smil*: for smile, smiling, smileyness, etc. I tend to focus too much on characters' faces, and will sometimes limit their reactions to what happens in the head and shoulders. Being more specific when something makes someone happy, or even eliminating the smile and letting the dialog speak for them will sharpen things up. A good resource to check out is The Emotion Thesaurus from the Bookshelf Muse.

Eliminating, replacing and rewriting will get your work to a buffed shine and have your writing performing at its peak.

What words do you overuse? How do you do your nitty-gritty editing? Tell me in the comments below!

 

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I've sold my second book to Harlequin Superromance!

WOO HOO!!!

In many ways, this is a greater achievement than selling my first because it means 1) I'm not a one-hit wonder and 2) I survived a second round of crushing rejections and managed to keep a toehold on this thing I call a writing career.

Only a few details for now:

  • It will most likely be released in early 2013 (January or February, according to my editor).
  • The working title is "Prodigal Daughter's Fortune" but will most likely be renamed.
  • The story features a Chinese heroine going back to the small town where her family owns a Chinese Restaurant. There, she reunites with her old high school crush, who she used to tutor. His son needs help with school, and there's no one better than his old tutor to help. As he reacquaints himself with his classmate, he fan old flames as well as bitter memories. It's a country-meets-city reunion story with a hint of sweet and sour.
  • The first draft is complete and I'm polishing it now.

So there you have it. Not a RITA Award nomination, but just as good, if you ask me. 8 )

Welcome to another installment of interviews with... okay, so the feature doesn't have a catchy name yet. I'll think of one eventually!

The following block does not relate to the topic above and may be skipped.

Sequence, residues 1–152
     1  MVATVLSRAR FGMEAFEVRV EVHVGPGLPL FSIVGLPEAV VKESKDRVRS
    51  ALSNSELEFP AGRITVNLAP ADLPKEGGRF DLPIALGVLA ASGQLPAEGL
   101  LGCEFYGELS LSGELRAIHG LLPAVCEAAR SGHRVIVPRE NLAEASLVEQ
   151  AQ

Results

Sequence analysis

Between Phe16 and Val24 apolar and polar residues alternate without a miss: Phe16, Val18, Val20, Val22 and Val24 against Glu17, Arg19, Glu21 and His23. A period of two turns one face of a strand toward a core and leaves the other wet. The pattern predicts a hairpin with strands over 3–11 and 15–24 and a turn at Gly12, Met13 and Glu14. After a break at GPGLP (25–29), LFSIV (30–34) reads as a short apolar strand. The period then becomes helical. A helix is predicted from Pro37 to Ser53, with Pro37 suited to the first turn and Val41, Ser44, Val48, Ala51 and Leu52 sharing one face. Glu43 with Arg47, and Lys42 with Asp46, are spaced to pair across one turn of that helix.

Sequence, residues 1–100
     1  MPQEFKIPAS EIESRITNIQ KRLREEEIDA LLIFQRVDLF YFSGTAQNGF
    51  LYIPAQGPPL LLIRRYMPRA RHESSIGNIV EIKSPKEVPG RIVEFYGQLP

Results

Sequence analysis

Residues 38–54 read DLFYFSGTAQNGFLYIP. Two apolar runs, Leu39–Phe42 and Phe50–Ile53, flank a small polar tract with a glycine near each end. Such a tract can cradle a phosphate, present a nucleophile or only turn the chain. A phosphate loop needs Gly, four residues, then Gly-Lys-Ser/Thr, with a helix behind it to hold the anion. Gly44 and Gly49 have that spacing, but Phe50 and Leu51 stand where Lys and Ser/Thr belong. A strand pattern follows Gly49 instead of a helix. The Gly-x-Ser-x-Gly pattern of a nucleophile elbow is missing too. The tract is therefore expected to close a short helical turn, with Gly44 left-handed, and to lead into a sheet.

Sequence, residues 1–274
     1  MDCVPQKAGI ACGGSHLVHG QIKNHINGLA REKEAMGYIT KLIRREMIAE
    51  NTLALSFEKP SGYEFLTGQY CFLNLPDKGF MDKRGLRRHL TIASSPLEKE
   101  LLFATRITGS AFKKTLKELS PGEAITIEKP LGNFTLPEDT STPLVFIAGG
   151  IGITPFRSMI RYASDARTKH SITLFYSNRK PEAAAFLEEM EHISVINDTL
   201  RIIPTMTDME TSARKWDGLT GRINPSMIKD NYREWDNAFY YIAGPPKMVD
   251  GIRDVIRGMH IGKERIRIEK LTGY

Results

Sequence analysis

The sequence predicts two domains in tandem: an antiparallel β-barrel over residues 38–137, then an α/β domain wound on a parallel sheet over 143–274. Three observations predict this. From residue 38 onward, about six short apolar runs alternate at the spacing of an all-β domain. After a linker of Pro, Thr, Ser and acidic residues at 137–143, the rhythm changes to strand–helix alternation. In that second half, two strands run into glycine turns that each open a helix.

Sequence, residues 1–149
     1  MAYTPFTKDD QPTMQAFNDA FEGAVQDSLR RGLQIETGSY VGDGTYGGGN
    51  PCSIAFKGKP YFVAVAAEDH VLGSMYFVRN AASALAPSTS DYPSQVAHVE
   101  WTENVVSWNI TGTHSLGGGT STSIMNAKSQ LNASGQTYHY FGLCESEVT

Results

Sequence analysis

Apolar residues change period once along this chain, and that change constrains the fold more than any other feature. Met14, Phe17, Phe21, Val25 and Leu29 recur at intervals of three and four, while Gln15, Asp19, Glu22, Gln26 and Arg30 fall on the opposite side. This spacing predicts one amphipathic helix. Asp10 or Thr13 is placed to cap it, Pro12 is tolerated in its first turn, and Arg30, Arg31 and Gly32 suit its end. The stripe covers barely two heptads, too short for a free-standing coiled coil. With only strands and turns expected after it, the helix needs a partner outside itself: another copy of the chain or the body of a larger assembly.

Today, I've tagged Yvette Farkas, the editor of Toronto Graffiti, a comprehensive collection of photos and interviews with the artists documenting the history of graffiti art in Toronto, Canada. This massive 500-page book took her ten years to put together, and it was entirely self-published.

I chatted with her about the process of putting such a huge project together, and what it was like self-publishing this labor of love.

A bio in her own words:

I grew up spending a lot of time in the fields of martial arts and medicine. TCM, Ayurveda and yoga, specifically. I currently work as a web and graphic designer for a charity by day, and teach yoga part-time. In between, I work on creative, positive projects like this book.

Toronto Graffiti is a massive compilation of interviews and photos about graffiti art in Toronto. What drew you to this project?

This was a selfish endeavour. You see, this is the kind of book I had always wanted to read. I was very curious about the artists who painted these incredible works of art on the walls and wondered what they were like. I kept waiting for a book like this to come out… hoping to find something like this in Tower Records or Pages or somewhere similar.  That did not happen.